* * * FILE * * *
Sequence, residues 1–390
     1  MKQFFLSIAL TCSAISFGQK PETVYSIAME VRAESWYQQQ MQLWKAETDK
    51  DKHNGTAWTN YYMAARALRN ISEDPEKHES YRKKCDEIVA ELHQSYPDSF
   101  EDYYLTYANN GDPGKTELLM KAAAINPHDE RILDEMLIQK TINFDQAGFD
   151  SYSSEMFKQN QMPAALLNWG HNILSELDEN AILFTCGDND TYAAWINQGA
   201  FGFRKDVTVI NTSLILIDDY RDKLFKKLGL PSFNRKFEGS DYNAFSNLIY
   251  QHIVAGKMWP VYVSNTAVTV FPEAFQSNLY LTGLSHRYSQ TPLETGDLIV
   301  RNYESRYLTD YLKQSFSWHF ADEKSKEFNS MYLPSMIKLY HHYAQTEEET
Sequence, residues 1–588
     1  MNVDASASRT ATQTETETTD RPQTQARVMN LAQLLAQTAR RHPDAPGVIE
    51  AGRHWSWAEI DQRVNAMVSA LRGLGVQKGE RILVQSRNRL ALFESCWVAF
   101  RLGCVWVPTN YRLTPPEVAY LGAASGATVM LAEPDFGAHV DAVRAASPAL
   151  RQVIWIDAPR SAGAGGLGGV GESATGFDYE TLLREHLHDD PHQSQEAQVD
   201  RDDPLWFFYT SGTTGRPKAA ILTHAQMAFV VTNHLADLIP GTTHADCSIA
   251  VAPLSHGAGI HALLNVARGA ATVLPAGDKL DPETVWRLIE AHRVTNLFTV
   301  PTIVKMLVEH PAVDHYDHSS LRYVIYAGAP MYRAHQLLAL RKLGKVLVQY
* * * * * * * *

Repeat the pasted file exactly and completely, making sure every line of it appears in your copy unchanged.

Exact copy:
Sequence, residues 1–390
     1  MKQFFLSIAL TCSAISFGQK PETVYSIAME VRAESWYQQQ MQLWKAETDK
    51  DKHNGTAWTN YYMAARALRN ISEDPEKHES YRKKCDEIVA ELHQSYPDSF
   101  EDYYLTYANN GDPGKTELLM KAAAINPHDE RILDEMLIQK TINFDQAGFD
   151  SYSSEMFKQN QMPAALLNWG HNILSELDEN AILFTCGDND TYAAWINQGA
   201  FGFRKDVTVI NTSLILIDDY RDKLFKKLGL PSFNRKFEGS DYNAFSNLIY
   251  QHIVAGKMWP VYVSNTAVTV FPEAFQSNLY LTGLSHRYSQ TPLETGDLIV
   301  RNYESRYLTD YLKQSFSWHF ADEKSKEFNS MYLPSMIKLY HHYAQTEEET
Sequence, residues 1–588
     1  MNVDASASRT ATQTETETTD RPQTQARVMN LAQLLAQTAR RHPDAPGVIE
    51  AGRHWSWAEI DQRVNAMVSA LRGLGVQKGE RILVQSRNRL ALFESCWVAF
   101  RLGCVWVPTN YRLTPPEVAY LGAASGATVM LAEPDFGAHV DAVRAASPAL
   151  RQVIWIDAPR SAGAGGLGGV GESATGFDYE TLLREHLHDD PHQSQEAQVD
   201  RDDPLWFFYT SGTTGRPKAA ILTHAQMAFV VTNHLADLIP GTTHADCSIA
   251  VAPLSHGAGI HALLNVARGA ATVLPAGDKL DPETVWRLIE AHRVTNLFTV
   301  PTIVKMLVEH PAVDHYDHSS LRYVIYAGAP MYRAHQLLAL RKLGKVLVQY